Ultimately, will the tenant request provide any return on investment (ROI)? If you look at any of the previous questions and examples, you will recognize that any of them will increase a return on the investment for one or all of the following reasons.
- By keeping the tenants happy and reducing the vacancy factor
- By improving the property
- By reducing liability and costly litigation
When should you turn down a tenant request? There are times when a tenant request is definitely unreasonable and is definitely unnecessary. Just take the time to consider the request and discuss the request with us to seek any possible solutions. We want the best for your investment.
Responding to Residents for after hour maintenance emergencies:
Are we available for your residents 24-7? Please realize that this does not mean following up on minor issues that can be easily addressed in the light of day. It does mean that when you have a legitimate concern, are we easily reachable, even if just for some reassurance?
1) How many days do I have to wait to get my security deposit back?
California Civil Code Section 1950.5 requires that within three weeks (21 days) after a tenant has vacated the unit, the owner must either: 1) return the security deposit to the tenant, 2) furnish a copy of an itemized statement indicating the amount of any part of the security deposit used (e.g. for unpaid rent, repairs, etc.), or 3) a combination of #1 and #2.
Effective January 1, 2003, rental property owners must give the tenant an option to perform a walk-through with the residents no earlier than two (2) weeks prior to the termination of the tenancy. The intent of this new law is to give residents an opportunity to remedy identified deficiencies in the unit prior to move out.
2) Can a landlord increase the rent more than two times per year?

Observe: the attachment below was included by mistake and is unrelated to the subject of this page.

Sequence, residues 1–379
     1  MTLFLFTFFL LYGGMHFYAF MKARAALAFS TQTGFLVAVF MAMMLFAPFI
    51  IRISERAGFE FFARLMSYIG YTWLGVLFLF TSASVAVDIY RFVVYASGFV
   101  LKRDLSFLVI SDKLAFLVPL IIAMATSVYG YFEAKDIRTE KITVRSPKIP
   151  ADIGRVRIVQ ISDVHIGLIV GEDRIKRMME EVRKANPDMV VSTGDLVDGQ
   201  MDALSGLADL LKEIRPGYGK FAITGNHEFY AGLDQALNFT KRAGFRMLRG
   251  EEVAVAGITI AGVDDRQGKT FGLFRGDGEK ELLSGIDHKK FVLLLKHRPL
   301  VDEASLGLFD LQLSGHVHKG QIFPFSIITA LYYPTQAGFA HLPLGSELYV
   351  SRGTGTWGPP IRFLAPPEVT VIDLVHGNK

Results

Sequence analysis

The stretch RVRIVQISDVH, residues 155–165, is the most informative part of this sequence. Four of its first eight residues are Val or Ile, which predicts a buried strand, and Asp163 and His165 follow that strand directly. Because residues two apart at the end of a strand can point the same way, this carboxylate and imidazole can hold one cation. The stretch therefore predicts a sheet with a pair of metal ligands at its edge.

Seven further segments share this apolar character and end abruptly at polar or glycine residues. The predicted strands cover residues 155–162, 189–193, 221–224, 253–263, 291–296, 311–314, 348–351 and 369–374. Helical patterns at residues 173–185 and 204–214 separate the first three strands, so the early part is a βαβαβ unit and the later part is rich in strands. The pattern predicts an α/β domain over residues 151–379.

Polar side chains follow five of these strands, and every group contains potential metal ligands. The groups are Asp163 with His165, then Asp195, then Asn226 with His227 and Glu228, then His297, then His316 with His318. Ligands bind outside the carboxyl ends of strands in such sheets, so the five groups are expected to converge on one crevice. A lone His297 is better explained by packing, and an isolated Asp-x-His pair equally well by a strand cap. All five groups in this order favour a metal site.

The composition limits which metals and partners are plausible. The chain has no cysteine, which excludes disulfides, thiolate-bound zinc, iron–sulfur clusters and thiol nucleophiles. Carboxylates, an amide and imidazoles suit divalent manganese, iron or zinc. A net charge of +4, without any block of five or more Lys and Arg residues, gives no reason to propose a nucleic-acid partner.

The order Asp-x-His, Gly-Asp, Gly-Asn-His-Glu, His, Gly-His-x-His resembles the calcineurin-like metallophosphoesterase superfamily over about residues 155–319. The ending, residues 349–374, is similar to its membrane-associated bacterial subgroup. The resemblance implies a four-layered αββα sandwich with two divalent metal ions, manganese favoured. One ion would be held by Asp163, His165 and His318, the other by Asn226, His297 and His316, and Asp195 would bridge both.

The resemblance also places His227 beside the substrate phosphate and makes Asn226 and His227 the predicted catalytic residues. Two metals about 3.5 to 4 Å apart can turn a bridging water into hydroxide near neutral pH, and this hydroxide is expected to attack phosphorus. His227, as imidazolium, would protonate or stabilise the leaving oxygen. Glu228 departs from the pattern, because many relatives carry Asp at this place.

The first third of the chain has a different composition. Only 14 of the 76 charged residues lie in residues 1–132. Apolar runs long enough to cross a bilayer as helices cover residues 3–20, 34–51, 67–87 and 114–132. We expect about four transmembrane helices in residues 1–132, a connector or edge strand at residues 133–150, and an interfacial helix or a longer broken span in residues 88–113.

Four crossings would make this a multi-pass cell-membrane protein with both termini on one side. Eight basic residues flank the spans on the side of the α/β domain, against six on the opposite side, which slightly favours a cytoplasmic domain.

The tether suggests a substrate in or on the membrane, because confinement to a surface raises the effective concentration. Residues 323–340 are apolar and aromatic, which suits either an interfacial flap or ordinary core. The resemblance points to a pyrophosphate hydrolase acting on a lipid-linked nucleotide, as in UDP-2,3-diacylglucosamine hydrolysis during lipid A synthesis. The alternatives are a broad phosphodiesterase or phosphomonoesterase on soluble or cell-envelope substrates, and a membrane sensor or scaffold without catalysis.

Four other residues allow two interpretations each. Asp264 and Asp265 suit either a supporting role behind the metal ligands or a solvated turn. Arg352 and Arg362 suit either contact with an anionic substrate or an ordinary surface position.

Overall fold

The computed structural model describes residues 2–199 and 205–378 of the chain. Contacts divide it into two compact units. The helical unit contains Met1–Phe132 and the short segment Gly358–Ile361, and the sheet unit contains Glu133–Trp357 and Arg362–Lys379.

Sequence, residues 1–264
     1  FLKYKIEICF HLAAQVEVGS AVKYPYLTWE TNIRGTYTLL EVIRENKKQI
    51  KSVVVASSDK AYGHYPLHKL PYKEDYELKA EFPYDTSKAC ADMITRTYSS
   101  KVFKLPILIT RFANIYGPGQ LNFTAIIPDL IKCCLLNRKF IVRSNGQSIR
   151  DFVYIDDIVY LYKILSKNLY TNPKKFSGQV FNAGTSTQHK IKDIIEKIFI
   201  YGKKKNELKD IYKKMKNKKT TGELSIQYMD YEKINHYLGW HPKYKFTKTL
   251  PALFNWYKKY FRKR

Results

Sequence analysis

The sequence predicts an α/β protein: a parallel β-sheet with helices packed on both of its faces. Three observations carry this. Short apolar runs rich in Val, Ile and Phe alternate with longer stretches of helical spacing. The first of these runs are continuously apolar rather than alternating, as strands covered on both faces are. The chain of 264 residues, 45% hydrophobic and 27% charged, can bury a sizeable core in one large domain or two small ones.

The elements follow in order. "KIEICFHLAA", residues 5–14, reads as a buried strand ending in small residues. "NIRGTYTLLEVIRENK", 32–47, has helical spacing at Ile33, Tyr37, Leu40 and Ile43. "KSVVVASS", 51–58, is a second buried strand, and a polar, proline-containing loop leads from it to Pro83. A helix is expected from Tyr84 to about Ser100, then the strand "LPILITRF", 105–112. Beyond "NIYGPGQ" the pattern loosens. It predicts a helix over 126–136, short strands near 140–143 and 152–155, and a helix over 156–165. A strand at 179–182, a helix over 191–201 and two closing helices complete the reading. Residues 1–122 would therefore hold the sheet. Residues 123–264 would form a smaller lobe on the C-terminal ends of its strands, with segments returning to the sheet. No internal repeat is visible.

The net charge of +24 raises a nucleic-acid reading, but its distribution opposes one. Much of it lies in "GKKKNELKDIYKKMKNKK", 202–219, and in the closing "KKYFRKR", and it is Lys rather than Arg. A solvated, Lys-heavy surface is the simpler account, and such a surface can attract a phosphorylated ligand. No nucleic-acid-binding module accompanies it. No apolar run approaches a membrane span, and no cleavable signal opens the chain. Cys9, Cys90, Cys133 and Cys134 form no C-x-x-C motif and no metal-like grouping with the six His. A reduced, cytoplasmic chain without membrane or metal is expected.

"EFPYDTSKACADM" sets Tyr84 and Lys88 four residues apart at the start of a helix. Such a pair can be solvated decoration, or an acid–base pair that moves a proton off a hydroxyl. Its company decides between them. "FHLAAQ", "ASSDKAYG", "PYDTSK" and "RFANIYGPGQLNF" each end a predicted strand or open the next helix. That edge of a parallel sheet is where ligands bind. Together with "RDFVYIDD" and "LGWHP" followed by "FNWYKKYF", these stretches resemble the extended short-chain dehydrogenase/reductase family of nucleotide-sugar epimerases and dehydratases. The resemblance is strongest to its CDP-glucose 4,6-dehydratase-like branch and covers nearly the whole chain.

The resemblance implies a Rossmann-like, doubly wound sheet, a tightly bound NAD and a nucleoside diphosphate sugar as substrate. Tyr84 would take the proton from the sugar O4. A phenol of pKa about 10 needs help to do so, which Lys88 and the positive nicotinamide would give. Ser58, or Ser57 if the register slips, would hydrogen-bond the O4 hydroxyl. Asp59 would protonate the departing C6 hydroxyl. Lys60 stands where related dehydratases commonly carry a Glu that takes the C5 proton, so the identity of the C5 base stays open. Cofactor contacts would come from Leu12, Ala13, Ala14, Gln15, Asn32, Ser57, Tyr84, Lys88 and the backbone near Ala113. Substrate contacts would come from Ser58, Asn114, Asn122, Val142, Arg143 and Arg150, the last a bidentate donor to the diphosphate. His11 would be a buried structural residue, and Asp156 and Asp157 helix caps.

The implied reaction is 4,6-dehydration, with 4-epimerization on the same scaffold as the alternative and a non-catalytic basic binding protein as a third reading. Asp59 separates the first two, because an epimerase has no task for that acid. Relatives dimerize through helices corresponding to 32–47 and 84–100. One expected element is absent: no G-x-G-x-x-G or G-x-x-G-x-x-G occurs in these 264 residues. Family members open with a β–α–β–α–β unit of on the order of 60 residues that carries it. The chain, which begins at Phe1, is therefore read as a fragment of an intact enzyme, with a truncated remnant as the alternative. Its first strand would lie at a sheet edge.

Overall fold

If you have a lease for more than 30 days (e.g. 1-year lease), your rent cannot be increased during the term of the lease, unless the lease allows rent increases. If you have a periodic rental agreement (month-to-month), your landlord can increase your rent, but must give you proper advance notice in writing. (Civil Code Section 827 (b))
3) How much can a landlord legally raise the rent?
Under California Law there is currently no maximum limit for rent increases.
As of January 1, 2001, a landlord must give the tenant at least 30 days’ advance notice if the rent increase is 10 percent (or less) of the rent charged at any time during the 12 months before the rent increase takes effect. A landlord must give 60 days’ advance notice if the rent increase is greater than 10 percent. (Civil Code Section 827b.)
4. When can a landlord enter an occupied rental unit?
California laws gives five (5) reasons that a landlord can legally enter a rental unit.
(1) In an emergency.
(2) When the tenant has moved out or has abandoned the rental unit.
(3) To make necessary or agreed-upon repairs, decorations, alterations, or other improvements.
(4) To show the rental unit to prospective tenants, buyers, or lenders, or to provide entry to contractors or workers who are to perform work on the unit.
(5) If a court order permits the landlord to enter.
Effective January 1, 2003, California Civil Code 1954 states that except in the first two situations above (emergencies and abandonment), the landlord must give the tenant twenty-four (24) hours written notice before entering the unit.
The notice may be provided by the owner in one (1) of the following ways:
-Personally delivered to the tenant twenty-four (24) hours prior to entry;
-Left with someone of suitable age at the premises twenty-four (24) hours prior to entry;
-Left on, near, or under the usual entry door of the premises twenty-four (24) hours prior to entry; or
-Mailed to the resident six (6) days prior to the intended entry.
If the owner or agent’s reason for entry is to exhibit the residential unit to prospective or actual purchasers, the notice may be given orally, in person, or by telephone. If the owner or agent has notified the resident in writing within 120 days of the verbal notice that the property is for sale and that the owner may contact the resident orally for the purpose of showing the unit, a twenty-four (24) hour verbal notice is presumed reasonable. At the time of entry, the owner or agent shall leave written evidence of the entry inside the unit.
5. How much advance notice must my landlord give if he wants a tenant to move out of the rental unit?
Landlords are required to provide a 60-day advance notice to a resident if the landlord elects to terminate a tenancy. If the tenant has resided in the unit less than 1 year, the landlord is only required to give a 30-day notice. (Civil Code Section 1946.1)
- Stockton has second fastest growing rents in nation
- The 10 Rules of Rental Decor
- Cool Ideas for Hot Weather
- Resident Maintenance Requests
- Adding and Removing a Resident from the Lease
- On Line Records Convenience for Residents and Owners
- Responding To Maintenance Emergencies After Hours
- IS PET FRIENDLY THE RIGHT CHOICE FOR YOUR INVESTMENT
- Top 5 Most Frequently Asked Landlord/Tenant Questions
- Happy 23rd Anniversary to us!